General Motors, Nissan and Volkswagen are among the auto companies involved in the efforts.
(TNS) -- Self-driving cars are now restricted to a small corner of Boston, but lobbyists are already arriving on Beacon Hill to try to shape any new legislation that will expand their presence on Bay State byways.
“Folks from all types of industries have reached out,” said state Sen. Eric Lesser (D-Longmeadow), who filed a bill that would give the Department of Transportation authority to regulate self-driving cars. “The tech industry is reaching out, the environmental community is very active, certainly the car companies have started to get active.”
Both General Motors and Volkswagen said in lobbying registration documents they intend to lobby on autonomous vehicle legislation this year.
Harry Lightsey, executive director of emerging technologies policy for GM, said future decisions on where to test and deploy autonomous cars will take into account how accommodating or restrictive state laws are.
“You’ve got to have the right policy in place, you’ve got to have the ability to innovate and develop the technology and deploy the technology,” Lightsey said. “It’s got to give the folks that are developing the technology the room to innovate, the room to change, but at the same time it has to provide the public with the assurance that their safety is going to be protected.”
Because the technology is moving so fast, lawmakers should stay away from measures that could stifle research and development. Lightsey said GM supports Lesser’s bill.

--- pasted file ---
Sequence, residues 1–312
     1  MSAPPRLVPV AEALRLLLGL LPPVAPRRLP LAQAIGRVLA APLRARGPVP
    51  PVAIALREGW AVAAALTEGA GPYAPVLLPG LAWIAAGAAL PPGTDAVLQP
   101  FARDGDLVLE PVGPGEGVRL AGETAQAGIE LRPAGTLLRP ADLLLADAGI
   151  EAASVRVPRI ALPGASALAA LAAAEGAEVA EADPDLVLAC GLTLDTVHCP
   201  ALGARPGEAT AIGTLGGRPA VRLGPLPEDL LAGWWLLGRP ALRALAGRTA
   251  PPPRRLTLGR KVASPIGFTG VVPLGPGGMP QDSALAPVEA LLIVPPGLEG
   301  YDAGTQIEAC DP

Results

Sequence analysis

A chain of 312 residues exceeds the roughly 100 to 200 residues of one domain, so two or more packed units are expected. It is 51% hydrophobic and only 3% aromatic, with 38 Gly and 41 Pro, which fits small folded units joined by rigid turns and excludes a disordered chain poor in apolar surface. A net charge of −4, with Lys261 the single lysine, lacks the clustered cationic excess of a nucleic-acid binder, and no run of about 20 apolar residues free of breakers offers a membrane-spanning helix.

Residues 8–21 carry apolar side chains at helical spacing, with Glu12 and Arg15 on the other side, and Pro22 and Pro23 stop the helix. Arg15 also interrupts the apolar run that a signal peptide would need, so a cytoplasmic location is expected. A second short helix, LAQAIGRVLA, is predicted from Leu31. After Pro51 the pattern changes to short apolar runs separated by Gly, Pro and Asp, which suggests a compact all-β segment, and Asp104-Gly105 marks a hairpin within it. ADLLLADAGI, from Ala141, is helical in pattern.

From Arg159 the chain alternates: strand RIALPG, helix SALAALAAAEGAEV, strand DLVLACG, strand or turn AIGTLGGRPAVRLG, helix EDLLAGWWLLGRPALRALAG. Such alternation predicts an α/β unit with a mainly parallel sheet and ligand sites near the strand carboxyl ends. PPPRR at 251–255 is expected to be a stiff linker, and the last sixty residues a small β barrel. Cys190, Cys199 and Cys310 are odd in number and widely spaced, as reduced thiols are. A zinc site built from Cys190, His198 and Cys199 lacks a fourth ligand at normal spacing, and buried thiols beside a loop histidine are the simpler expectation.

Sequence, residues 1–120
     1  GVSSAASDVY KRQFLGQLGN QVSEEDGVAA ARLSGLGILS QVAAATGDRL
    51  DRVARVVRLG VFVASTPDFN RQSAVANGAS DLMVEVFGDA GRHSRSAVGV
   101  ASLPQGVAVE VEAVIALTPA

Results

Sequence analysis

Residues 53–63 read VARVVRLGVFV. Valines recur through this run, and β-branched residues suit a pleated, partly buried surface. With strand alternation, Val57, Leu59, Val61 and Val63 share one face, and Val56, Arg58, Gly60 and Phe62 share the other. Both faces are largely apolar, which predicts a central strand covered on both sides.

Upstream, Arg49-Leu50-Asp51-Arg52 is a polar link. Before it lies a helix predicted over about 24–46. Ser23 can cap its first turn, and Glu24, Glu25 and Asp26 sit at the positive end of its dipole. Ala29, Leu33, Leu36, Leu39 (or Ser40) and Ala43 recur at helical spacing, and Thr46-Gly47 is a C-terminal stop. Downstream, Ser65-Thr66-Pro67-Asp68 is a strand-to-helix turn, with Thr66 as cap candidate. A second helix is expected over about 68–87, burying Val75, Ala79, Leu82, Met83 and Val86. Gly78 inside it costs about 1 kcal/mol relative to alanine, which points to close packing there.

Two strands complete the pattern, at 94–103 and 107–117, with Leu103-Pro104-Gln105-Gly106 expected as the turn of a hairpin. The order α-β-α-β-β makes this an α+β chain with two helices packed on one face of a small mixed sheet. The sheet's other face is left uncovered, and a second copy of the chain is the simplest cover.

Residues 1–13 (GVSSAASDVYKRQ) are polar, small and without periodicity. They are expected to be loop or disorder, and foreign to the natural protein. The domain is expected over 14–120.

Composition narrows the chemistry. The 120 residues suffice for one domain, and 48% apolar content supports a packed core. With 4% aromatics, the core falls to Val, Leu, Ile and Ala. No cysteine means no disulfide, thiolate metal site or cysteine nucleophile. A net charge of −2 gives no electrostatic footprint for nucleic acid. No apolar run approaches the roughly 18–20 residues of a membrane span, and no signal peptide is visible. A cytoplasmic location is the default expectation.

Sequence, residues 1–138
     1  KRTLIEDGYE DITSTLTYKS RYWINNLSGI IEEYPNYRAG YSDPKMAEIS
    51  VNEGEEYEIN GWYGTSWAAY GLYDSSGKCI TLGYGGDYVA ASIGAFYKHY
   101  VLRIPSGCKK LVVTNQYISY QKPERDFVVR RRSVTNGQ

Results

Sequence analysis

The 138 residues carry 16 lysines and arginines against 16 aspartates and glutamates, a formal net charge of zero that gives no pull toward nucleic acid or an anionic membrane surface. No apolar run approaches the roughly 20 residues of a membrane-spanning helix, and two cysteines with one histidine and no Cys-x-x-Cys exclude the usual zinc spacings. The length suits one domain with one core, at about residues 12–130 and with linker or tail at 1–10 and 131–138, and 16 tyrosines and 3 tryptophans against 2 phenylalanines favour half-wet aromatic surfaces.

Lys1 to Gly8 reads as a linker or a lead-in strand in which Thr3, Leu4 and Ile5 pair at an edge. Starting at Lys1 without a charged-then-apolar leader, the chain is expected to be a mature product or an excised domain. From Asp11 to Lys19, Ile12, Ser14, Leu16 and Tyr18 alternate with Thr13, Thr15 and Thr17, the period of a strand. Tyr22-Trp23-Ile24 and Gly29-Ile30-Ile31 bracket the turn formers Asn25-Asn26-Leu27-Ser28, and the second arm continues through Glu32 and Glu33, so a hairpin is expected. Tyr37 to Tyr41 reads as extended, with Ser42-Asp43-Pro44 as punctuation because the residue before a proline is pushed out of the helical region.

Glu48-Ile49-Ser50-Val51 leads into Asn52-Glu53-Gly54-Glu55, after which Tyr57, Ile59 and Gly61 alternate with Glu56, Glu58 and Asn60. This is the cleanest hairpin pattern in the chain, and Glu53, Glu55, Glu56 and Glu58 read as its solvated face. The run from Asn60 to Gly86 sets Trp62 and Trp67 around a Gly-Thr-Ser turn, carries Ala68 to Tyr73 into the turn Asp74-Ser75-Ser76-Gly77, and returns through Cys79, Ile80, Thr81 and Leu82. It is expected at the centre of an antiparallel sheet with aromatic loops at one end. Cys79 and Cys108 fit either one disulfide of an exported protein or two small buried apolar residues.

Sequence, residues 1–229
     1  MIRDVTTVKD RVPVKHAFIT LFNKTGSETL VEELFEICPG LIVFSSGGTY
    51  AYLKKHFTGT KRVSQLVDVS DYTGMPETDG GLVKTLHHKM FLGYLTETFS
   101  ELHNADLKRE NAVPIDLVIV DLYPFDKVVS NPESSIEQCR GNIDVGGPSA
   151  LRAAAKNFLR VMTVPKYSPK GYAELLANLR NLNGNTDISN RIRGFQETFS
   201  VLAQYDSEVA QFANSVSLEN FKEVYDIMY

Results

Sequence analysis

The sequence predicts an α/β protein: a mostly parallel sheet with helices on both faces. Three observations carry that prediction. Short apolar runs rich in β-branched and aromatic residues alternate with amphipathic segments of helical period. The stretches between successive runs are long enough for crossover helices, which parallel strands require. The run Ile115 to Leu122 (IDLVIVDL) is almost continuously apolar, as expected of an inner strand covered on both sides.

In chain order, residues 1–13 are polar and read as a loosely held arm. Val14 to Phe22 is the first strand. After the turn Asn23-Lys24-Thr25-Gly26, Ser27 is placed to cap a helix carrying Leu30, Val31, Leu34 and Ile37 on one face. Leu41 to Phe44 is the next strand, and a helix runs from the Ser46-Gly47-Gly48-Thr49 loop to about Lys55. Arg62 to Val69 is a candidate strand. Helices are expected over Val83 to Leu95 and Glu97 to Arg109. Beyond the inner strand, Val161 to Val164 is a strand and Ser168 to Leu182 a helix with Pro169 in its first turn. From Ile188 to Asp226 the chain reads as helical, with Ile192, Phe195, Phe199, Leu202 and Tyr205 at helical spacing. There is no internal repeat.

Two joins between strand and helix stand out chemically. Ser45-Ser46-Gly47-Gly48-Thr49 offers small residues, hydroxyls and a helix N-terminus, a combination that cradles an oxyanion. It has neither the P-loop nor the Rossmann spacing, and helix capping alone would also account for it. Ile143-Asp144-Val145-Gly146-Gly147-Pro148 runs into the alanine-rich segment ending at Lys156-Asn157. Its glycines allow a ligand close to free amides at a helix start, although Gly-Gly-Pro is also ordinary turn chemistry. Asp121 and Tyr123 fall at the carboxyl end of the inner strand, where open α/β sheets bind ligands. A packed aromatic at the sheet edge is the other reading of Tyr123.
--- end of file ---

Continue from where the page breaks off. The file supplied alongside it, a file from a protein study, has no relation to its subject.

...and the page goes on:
“You cannot regulate it the way you regulate the traditional automobile industry,” he said.
VW did not respond to a request for comment.
Other big automakers, including Nissan and Toyota — the latter of which has built a multimillion-dollar research center in Cambridge focused in part on autonomous vehicles — have also registered lobbyists, but did not mention self-driving cars.
Regulating self-driving cars appears to be on the to-do list for lawmakers this session. Senate President Stanley C. Rosenberg mentioned the need for regulation in an address earlier this year.
Another bill, filed by state Sen. Jason M. Lewis (D-Winchester) and state Rep. Tricia Farley-Bouvier (D-Pittsfield) calls for taxing self-driving cars by the mile, restricting how far they can drive without a passenger, and mandating that they be emission free. That bill was sharply criticized by local start-up nuTonomy, which is running tests on public roads in Boston.
“Everyone who’s developing technology in this space wants to ensure technology development is not hampered,” said Karl Iagnemma, chief executive of nuTonomy.
©2017 the Boston Herald Distributed by Tribune Content Agency, LLC.